The Association of Financial Advisers CEO, Phil Kewin, is aware the risk advice community has no choice but to impress upon regulators and government the importance of commissions-based models leading up to ASIC’s scheduled review into life insurance remuneration.
“But I don’t have to like it,” he said at the Professional Planner Risk Advice Summit in Sydney on Tuesday.
Kewin took umbrage with comments made by Labor MP and Shadow Assistant Minister for Financial Services, Matt Thistlethwaite, in an earlier session urging advisers to make the case to retain commissions in the lead up to ASIC’s 2021 life insurance review.
“Matt’s a good guy, but for us to have to justify why we shouldn’t retain commissions, it just bemuses me,” Kewin said. “What other industry has to justify something that the general public isn’t complaining about?”
In his final royal commission report, Kenneth Hayne said ASIC should consider amending the existing Life Insurance Framework cap on commissions when it conducted its review. “Unless there is a clear justification for retaining those commissions, the cap should ultimately be reduced to zero,” he added.
Kewin said it was a “saviour’ that the LIF was already in motion during the royal commission, because we saw a “predetermined view” that they should be removed.
“On what basis I’m not sure, because we didn’t see too many examples through the royal commission where commissions were actually detrimental to the client,” he noted.
Kewin was joined on a panel by Financial Planning Australia CEO Dante De Gori and ASIC’s executive director of wealth management, Joanna Bird. The session, called ‘Towards a policy outcome’, was chaired by Financial Services Council CEO Sally Loane.
Loane called it Kewin’s “Greta Thunberg moment”, in reference to the 16-year old Swedish activist who recently railed against world leaders for inaction on climate change.
He received a measure of support from the FPA’s De Gori, who said the current model gives consumers choice about how they want to access advice. “If you remove that choice you restrict affordability and accessibility,” he said.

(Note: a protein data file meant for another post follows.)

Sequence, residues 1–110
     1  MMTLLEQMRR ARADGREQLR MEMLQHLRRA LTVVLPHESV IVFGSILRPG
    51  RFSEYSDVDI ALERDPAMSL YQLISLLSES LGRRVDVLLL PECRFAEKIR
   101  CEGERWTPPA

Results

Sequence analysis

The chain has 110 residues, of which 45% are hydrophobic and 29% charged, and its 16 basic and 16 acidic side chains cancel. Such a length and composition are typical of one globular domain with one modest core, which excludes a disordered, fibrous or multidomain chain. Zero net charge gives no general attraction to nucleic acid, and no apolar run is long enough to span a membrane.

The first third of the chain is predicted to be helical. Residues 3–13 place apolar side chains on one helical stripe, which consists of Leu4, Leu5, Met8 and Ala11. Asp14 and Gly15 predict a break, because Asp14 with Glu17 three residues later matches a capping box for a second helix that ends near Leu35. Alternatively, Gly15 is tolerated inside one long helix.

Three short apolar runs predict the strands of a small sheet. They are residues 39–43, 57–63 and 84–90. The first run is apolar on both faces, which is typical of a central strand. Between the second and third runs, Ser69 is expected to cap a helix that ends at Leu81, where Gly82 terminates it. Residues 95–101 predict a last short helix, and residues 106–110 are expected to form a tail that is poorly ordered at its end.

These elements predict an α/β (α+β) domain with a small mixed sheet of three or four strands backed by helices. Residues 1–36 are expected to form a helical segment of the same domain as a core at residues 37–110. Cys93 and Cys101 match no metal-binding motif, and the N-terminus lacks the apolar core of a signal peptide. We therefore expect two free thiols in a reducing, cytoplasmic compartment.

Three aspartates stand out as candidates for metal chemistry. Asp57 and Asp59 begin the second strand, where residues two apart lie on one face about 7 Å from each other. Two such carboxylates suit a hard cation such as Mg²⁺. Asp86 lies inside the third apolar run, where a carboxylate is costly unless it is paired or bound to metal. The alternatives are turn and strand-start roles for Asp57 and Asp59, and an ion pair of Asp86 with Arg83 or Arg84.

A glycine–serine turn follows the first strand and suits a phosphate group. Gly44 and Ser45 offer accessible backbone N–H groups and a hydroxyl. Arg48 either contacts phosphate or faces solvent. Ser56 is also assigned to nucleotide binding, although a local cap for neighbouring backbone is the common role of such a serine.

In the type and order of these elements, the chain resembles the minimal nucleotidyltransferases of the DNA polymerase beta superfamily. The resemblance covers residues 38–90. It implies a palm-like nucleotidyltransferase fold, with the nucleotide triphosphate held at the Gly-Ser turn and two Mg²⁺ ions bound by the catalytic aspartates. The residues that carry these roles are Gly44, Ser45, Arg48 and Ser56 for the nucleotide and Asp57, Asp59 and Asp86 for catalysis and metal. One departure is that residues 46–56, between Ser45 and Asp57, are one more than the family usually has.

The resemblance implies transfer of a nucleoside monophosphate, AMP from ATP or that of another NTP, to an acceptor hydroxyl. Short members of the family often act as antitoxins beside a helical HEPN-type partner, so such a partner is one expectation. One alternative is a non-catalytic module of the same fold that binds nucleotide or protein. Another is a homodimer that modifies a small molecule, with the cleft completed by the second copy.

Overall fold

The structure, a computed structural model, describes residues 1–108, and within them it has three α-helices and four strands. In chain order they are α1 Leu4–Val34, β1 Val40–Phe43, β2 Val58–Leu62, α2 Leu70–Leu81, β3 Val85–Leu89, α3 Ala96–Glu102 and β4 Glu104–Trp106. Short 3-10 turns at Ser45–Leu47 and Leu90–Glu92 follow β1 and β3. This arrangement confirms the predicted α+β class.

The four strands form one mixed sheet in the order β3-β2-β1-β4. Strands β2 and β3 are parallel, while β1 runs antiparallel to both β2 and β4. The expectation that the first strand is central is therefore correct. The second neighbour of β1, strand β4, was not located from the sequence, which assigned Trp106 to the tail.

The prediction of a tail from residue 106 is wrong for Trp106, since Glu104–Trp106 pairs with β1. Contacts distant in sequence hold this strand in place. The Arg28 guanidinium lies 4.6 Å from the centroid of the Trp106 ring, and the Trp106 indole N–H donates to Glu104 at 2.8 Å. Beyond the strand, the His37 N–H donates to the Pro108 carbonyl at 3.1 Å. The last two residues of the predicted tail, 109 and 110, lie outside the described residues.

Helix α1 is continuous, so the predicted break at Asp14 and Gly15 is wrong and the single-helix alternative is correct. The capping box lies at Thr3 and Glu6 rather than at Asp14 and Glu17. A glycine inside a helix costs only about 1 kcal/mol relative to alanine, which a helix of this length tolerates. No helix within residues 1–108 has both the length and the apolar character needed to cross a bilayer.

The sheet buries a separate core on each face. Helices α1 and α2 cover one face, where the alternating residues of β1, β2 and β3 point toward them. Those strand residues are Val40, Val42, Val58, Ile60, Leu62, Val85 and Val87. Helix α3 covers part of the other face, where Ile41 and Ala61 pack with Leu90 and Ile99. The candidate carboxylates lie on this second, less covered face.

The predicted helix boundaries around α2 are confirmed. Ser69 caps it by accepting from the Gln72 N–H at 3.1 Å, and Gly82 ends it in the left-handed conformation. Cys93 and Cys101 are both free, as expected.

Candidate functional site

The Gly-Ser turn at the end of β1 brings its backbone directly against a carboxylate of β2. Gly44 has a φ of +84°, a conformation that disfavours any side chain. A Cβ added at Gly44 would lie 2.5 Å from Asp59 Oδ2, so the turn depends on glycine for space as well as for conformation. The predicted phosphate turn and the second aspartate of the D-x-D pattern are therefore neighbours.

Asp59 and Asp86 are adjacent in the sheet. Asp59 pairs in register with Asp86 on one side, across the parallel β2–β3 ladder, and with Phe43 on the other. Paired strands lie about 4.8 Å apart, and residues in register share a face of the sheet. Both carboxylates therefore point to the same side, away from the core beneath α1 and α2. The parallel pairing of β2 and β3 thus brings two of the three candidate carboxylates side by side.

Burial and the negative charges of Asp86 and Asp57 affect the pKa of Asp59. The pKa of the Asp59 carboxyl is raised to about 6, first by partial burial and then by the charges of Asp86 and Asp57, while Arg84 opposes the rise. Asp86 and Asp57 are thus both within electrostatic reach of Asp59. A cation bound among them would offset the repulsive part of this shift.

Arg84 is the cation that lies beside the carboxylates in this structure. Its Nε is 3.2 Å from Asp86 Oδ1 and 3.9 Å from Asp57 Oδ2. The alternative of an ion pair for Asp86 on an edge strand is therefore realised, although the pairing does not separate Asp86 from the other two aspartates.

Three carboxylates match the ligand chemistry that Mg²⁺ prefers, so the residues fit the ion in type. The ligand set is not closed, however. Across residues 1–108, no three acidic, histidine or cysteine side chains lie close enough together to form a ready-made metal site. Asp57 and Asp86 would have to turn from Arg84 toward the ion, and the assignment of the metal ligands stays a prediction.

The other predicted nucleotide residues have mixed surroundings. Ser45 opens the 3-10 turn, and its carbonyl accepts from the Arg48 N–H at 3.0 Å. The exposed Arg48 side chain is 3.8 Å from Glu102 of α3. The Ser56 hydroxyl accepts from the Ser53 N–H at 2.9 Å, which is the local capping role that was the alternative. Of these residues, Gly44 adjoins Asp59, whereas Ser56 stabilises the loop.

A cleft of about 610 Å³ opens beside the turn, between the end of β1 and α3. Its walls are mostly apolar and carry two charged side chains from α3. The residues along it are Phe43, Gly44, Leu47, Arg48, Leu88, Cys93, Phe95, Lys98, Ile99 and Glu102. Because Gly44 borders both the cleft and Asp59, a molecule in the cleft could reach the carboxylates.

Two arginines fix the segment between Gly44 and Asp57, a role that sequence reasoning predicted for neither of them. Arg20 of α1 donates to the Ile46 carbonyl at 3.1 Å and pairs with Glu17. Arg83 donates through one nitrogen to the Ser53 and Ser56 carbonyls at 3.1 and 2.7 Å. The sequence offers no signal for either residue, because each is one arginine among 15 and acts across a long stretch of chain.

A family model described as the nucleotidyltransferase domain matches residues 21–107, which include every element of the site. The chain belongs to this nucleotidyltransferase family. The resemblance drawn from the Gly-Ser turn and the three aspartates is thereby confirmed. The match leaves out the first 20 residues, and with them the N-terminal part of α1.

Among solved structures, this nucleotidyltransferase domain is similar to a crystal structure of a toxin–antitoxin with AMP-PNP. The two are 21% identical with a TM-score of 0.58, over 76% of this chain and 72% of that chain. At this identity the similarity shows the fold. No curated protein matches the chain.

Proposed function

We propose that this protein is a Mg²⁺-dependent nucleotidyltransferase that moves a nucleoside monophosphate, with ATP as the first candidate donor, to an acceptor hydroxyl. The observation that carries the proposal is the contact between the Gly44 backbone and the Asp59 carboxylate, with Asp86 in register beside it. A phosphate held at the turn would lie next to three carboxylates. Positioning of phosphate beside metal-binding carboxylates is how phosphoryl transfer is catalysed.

There are no business models that are completely conflict free, De Gori argued, and pretending that they are conflict free doesn’t help. The LIF reforms, he ventured, are achieving the required balance and capped commissions are working.
“I believe that the evidence will show the capping has dramatically reduced those incentives,” De Gori said, adding that the LIF had “done its job”.
The threat of moving from a primarily commissions-based remuneration model, whereby product providers pay advisers a percentage fee, to a fee-for-service model, whereby clients pay advisers upfront, has largely united the risk advice industry.
ASIC’s Bird said the 2021 review will be “much bigger” than its 2014 review of retail life insurance (REP 413), which will be used as the benchmark to gauge industry progress.
“The last review had a lot of granular data… but certainly it didn’t have the scope that we’re doing now,” Bird said.
Asked by Loane how risk advice quality would be measured in the review, and if it would involve “ticking the box” on documentation, Bird replied in the negative.
“It’s not just ticking the box documentation,” she said, explaining that the regulator was going through advice files to check that they complied with the law and were in the best interests of clients.
“I want to stress that the problems we’ve found before were not just problems of documentation, they were problems of the outcomes consumers got as a result of their insurance advice,” Bird said.